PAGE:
Herbal first aid

Cut, burned, nauseous, or poisoned by food while traveling? There are various options. Beware of the 100 mL limit while passing through an airport. Though not all herbal, my travel kit includes:

  • vitamin B complex (for digestion),
  • sodium bicarbonate (powder, aluminum-free, in a labeled bag or container),
  • vitamin C (powder, non-GMO, in a labeled bag or container),
  • three- to eight-percent food-grade hydrogen peroxide (used to disinfect water with caution), 
  • iodine (food grade tincture for disinfection of wounds and in minute amounts for detoxification)
  • magnesium chloride (oil to stop muscle cramps and flakes mixed with water 1:40 for disinfection),
  • colloidal silver (for disinfection),
  • sodium chlorite (to form ClO2 in very small amounts to disinfect water with caution),
  • essential oils – ginger, lavender, citronella, eucaplytus, peppermint, and tea tree,
  • activated charcoal (in case of food poisoning).

The purpose of this article would be to explain why and how these items, specifically, and with what precautions, externally only or internally, and most of all to start low and go slow.



Ayurveda is ancient “life science” from India. Starting with analysis of the individual and their “dosha” (body type), Ayurveda includes advice about healthy eating for each dosha. Some people have mixed doshas.  




Ancient Chinese medicine

There were many different local schools of thought about nature, food, and health in ancient China. How these schools are described today can become a political matter that I intend to avoid. One school of thought in ancient Chinese medicine tried to identify the individual constitution of the person as either “cold” or “hot” and also as either “wet” or “dry”. This leads to certain advice about what foods are healthy or not healthy for the specific person. This fits the concept of biochemical individuality.

Practitioners also had their own philosophies and local availability of foods and herbs even in times of plenty. One school of thought in ancient China excluded grains, even rice, for health. A very brief overview of ancient Chinese medicine is here.



Anatomy – briefly

Your body is attached to your mind. Your spirit may control them all. The best knowledge is self-knowledge. Aware of biochemical individuality, this article is to describe the primary sub-systems of the body briefly:

  • central nervous system (brain, nerves, and gut-brain axis),
  • bones, muscles, joints, and connective tissue,
  • circulatory system (heart, blood, and lymph),
  • respiratory system (lungs, oxygen, and carbon dioxide),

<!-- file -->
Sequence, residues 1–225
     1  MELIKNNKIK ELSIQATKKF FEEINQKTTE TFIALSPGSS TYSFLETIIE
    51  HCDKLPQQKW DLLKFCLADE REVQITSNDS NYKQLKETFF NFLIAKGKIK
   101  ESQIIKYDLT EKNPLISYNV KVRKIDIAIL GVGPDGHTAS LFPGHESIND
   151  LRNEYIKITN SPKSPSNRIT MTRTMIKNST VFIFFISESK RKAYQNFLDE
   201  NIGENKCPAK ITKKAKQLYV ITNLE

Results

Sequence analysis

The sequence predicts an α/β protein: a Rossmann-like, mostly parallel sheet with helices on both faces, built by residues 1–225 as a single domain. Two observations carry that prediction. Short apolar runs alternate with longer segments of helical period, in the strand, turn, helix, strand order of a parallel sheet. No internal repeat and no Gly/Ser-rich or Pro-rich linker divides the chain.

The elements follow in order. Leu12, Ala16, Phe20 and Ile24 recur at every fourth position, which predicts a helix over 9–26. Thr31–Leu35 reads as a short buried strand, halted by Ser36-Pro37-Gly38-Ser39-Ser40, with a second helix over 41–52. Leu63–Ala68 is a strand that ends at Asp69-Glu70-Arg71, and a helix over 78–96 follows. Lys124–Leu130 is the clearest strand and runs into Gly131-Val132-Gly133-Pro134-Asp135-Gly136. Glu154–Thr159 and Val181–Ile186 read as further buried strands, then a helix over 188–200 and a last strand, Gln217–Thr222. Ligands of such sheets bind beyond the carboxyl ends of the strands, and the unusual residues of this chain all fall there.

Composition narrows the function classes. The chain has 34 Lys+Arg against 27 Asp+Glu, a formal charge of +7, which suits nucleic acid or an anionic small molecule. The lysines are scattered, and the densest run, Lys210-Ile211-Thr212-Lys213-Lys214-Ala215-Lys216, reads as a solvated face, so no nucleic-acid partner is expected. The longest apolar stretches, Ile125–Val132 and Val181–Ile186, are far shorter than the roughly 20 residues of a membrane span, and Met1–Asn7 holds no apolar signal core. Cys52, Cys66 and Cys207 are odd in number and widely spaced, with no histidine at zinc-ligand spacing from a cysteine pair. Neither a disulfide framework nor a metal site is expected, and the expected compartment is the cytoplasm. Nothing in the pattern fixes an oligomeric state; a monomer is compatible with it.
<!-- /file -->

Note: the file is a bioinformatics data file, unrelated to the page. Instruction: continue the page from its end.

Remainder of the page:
• digestive system (mouth, stomach, small intestine, pancreas, large intestine, liver, …)
  • urinary system (kidneys, bladder, urine),
  • reproductive system,
  • immune system,
  • endocrine system, and
  • skin. 



Physiology – briefly

It is the whole body that is healthy or not. If one part of your body is unhealthy, then other parts are also. Blood goes everywhere. This puts a limit on specialization but not on the specialist. You could possibly use food, herbs, and spices to strengthen the various sub-systems. Note that not all foods and herbs work for everybody. Results depend on biochemical individuality. Also note that opinions differ about what defines evidence of efficacy. If you have a medical condition, see a doctor.

These concepts are to be detailed here with references, starting with this list, merely of what seems to work for me, when I tried it for myself (no health claims):

Physical sub-system Possible fortifiers, depending on the individual
brain, central nervous system, vision vitamin B3, B complex, adaptogens, ginseng, rhodiola, healthy fats, blueberries, visual Bates method
bones, muscles, joints calcium (carob, fenugreek, parsley), horsetail (silica), magnesium (dark green leafy vegetables), vitamin D (Dr. Sunshine), vitamin K2 (kale), protein, vitamin C (citrus); herbs & spices to relieve joint pain.
heart, circulatory system, blood garlic, hawthorn, vitamin E, vitamin B3, others
lungs, respiratory system, oxygen ginger, thyme, peppermint, eucalyptus (externally), licorice, cannabis (edibles), oregano, mullein, lobelia (with caution)
gut, digestive system, enzymes apple, pineapple, papaya (non-gmo), ginger, cayenne, peppermint, slippery elm
urinary system cranberry, dandelion, nettle, horsetail, cabbage, beets, citrus
reproductive system vitamin C (citrus), turmeric, pumpkin seeds, he shou wu (fo-ti), aphrodisiacs (damiana, yohimbe, horny goat weed), 
nutrients to boost progesterone, looking after your prostate
immune system avoiding refined sugar, Brazil nuts (selenium), pumpkin seeds (zinc),
vitamins C, A, and D, iodine (see research by Dr. David Brownstein),
garlic, ginger, licorice, astragalus, adaptogens, other herbs
endocrine system kelp, bladderwrack, chastetree (Vitex agnus-castus)
skin, nails, hair aloe vera, burdock, clay, charcoal, turmeric, horsetail, he shou wu (fo-ti)


Without offering personal advice, this article is also to list foods, spices, and herbs known by published research to strenghten each of these systems, such as herbs for the eyes, herbs to relieve pain, and others.

Pineapple, banana, and ginger can all be used to stimulate production of melatonin, which can relieve insomnia for some people.


Pathology – briefly



Herbal medicine

Local and regional traditions

Quality control of herbs

Observed effects of certain herbs in some people

Teas and tinctures

Herbs, spices, and cooking


Your suggestions or requests?